Researchers have revealed galactic master merger events that occurred in the distant past

Recently, researchers at the Shanghai Astronomical Observatory of the Chinese Academy of Sciences have used a new model independently developed – the “stellar family-orbital superposition model” and high-resolution two-dimensional integral field of view spectral data to find that the lens galaxy NGC 1380, which is 0.6 billion light-years away from the Earth, underwent a major merger about 10 billion years ago, and revealed that the mass of the satellite galaxy accretion of this merger is about 40 billion solar masses. This is the oldest and most massive galaxy merger event that astronomers have ever revealed in the near universe. The results were published in Astronomy & Astrophysics.

At present, astronomers generally believe that galaxies are formed by mergers, and the merger between small galaxies forms large galaxies. But because most of the process of galaxy mergers occurred in the distant past, it is challenging for astronomers to detect key features of merger events (such as the timing of the merger and the mass of accretion of satellite galaxies) from the structures of galaxies that can be observed today. Ancient mergers mainly leave two clues: on the one hand, the metal abundance of stars in galaxies carries information about the age of the stars and their birth environment, and if stars are born in relatively small mass galaxies and later merged into new galaxies, then the metal abundance of these stars will be relatively low; On the other hand, the stars in the galaxy follow a certain trajectory, and the merger will cause some stars to be on a special trajectory, forming a halo structure dominated by radial motion. Previously, astronomers were able to directly distinguish the properties of a single star in the Milky Way by looking at the far plane, find out this low metal abundance and have a special trajectory of the star, so as to quantitatively portray the merger that has been experienced between galaxies, thus finding that the Milky Way has undergone a merger about 10 billion years ago, and the mass of the merged satellite galaxy is about 400 million solar masses, but for most of the nearest neighboring galaxies, astronomers have not yet been able to directly observe the nature of the single star in it.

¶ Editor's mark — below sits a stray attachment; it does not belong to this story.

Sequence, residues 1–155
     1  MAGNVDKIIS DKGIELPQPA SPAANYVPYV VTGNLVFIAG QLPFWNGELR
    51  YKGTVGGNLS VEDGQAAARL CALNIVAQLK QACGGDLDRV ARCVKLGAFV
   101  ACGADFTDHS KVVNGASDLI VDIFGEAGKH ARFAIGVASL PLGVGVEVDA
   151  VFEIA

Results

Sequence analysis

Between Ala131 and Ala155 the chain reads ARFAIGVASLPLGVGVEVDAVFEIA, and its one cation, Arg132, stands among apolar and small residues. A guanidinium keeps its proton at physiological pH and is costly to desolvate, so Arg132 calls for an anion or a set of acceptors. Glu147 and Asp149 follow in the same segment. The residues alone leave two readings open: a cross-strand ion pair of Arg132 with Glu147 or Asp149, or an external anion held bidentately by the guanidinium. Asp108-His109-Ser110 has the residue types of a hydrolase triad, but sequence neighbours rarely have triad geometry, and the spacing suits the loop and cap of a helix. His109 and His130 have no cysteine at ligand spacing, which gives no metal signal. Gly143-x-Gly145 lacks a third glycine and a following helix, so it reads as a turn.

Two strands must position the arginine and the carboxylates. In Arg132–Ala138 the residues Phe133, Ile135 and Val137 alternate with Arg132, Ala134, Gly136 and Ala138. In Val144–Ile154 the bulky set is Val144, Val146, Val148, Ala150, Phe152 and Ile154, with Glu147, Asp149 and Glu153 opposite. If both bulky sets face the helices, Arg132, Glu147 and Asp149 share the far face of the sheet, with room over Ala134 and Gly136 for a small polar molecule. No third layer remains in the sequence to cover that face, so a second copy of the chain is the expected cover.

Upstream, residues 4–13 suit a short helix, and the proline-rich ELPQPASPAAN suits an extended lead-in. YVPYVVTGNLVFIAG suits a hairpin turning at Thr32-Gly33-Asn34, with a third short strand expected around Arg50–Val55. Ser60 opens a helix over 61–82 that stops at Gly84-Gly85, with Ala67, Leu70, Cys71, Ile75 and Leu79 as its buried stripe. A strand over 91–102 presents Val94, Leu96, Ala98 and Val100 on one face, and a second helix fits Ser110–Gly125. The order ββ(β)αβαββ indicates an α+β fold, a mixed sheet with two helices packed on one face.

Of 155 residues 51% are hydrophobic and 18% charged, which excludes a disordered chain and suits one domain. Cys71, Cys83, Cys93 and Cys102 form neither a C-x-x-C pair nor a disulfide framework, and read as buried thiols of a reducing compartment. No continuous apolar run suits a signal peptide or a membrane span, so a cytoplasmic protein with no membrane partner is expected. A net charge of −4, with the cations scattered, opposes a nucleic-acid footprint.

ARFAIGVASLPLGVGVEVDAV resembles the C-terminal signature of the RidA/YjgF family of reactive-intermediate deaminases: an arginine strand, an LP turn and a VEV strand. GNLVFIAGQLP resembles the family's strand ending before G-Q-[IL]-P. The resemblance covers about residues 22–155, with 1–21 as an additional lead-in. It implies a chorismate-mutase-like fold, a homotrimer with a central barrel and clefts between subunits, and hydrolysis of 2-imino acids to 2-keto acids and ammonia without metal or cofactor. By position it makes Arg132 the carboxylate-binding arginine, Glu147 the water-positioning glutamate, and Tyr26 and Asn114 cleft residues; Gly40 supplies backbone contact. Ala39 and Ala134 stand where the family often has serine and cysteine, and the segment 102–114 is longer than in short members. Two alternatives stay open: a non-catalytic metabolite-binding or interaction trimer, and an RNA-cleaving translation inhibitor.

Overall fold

The researchers collaborated with the international team Fornax 3D project to obtain high-resolution integral-field spectral data on the early-type galaxy NGC 1380 in the Virgo Cluster 0.6 billion light-years away from Earth, which was observed by MUSE, an integral field of view spectrometer on VLT. By analyzing this data, the collaborative team obtained the distribution of the galaxy’s accumulated motion information and chemical abundance in the direction of the line of sight in the two-dimensional sky plane. To reconstruct the three-dimensional trajectory and corresponding chemical abundance of stars in galaxies, the research team developed a new three-dimensional “stellar-orbital superposition model” and applied this model to the study of the early galaxy NGC 1380. Using this model, the researchers successfully fitted all of the galaxy’s 2D plane observations.